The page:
Preaching is God’s act, not some preacher’s act. It is God’s act of transporting the life, death,and resurrection of Jesus Christ from the there and then to the here and now for the purpose of transforming your life, my life, and the world around us. That truth was carved into my consciousness by my professor of preaching in seminary, carved there so indelibly that I’ve never been able to forget it. I remember that, when those of us would-be preachers in his class were assigned the task of preaching a sermon as a class exercise, he would stand in the back of the room, leaning against the wall with his arms folded and his ice-blue eyes frozen on the one preaching. And when at last the sermon was finished, almost without exception, suddenly, he would erupt, and, with a ringing cry from the back of the room, he would scream, “Where is your Gospel? Where is your Gospel?” Well, needless to say, that shattered our composure and intimidated our spirit. But, let me tell you, that was only the short-term result. The long-term result was that no one of us who ever sat at his feet is now able to stand on our feet to preach without remembering that, every time, every single time, we are to deliver, in some way, in some word, the true message of the Gospel. I never write a sermon, to this day, without carefully rehearsing each line, looking to the answer to his question: where is your Gospel?

And therefore, when the preacher preaches, the preacher is preaching not some preacher’s word, but God’s word. And the people must know that you are confronting them not with the pet thoughts, ideas and beliefs of your own heart and soul, but you are confronting them with nothing less than the reality of God come to Earth to save us in Jesus Christ. Therefore, one must preach authoritatively on the authority of none other than Almighty God. I preach authoritatively. I preach purposefully.

Here, for whatever it’s worth, is a note or two about how I prepare to preach. The method that I use was, I confess, borne out of my own fear and my own frustration. Early in my ministry, when I used to preach to those blessed, long-suffering saints at the First Presbyterian Church of Kilgore, Texas who put up with me and loved me in spite of the fact that I had no idea what I was doing, I would find myself on Sunday afternoon confronted with the question, “Now that I have poured everything that I know into the sermon this morning, what in the name of God am I going to preach next week?” The constant pressure of preaching week by week began to tyrannize my schedule and terrorize my soul. I soon realized that, unless something changed, I was going to bomb out or burn out.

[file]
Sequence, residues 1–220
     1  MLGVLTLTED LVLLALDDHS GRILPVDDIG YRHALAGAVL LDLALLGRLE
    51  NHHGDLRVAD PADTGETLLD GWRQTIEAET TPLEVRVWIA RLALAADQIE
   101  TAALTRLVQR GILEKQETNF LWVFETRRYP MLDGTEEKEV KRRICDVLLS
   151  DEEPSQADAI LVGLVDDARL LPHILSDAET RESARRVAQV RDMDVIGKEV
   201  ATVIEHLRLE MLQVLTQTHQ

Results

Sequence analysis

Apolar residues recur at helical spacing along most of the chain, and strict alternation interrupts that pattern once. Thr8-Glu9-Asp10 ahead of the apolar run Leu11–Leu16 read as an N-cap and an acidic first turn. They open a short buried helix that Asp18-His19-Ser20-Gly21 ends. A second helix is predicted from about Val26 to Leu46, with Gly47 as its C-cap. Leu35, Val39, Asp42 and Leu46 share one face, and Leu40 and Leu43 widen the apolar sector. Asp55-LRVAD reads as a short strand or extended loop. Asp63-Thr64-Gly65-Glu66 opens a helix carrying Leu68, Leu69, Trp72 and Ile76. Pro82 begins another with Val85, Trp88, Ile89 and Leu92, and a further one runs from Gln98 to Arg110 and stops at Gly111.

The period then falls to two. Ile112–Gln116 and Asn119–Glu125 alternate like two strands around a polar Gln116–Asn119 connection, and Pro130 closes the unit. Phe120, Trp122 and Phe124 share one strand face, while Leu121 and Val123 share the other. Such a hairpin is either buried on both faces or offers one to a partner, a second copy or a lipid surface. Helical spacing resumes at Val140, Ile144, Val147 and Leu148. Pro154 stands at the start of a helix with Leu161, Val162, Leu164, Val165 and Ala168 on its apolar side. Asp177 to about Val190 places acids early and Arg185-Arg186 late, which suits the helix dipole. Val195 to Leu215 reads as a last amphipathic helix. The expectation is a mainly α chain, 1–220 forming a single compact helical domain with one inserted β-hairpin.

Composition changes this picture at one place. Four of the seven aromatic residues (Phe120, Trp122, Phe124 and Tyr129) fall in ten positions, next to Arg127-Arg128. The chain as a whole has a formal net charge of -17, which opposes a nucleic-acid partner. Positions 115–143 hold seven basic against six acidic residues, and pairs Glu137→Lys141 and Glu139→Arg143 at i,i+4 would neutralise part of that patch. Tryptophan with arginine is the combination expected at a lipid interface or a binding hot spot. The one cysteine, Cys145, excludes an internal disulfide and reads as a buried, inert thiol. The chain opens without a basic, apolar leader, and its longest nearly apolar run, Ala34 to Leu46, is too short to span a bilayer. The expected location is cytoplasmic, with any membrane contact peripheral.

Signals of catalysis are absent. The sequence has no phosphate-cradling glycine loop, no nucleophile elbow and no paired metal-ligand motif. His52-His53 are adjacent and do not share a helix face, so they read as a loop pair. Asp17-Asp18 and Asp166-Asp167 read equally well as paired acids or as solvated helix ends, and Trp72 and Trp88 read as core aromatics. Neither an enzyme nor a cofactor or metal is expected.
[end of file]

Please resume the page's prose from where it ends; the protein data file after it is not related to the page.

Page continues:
A number of years ago, Dr. Edgar Gammon of the Myers Park Presbyterian Church in Charlotte, North Carolina stepped into his pulpit one Sunday morning and, without so much as a word of warning, resigned his position, turned from the pulpit, walked out, and never returned. In the ensuing press coverage, a reporter asked Dr. Gammon what had led him to that step. Wearily, he replied, “The relentless return of the Sabbath.”

“The relentless return of the Sabbath.” It was under the pressure of that relentless return that I came to the method for preparing to preach, which I now use even to this very day. Let me describe it for you. It begins in July of each year. I work in one-year blocks of time. Understand, please, that, in the year prior to July, I keep a file marked Sermon Ideas, and, all through the year, I am constantly dropping into that file notes, clippings, reflections on conversations or visits with people in my congregation, letters that I receive from people in my congregation or elsewhere, the basic elements that I have derived from my own personal devotional study of the Scriptures each day, my confrontation with whatever are the great issues of life for people in my church as best I can discern them, for the community in which we live, for the world around us. All of that, I have been feeding into that file for a year.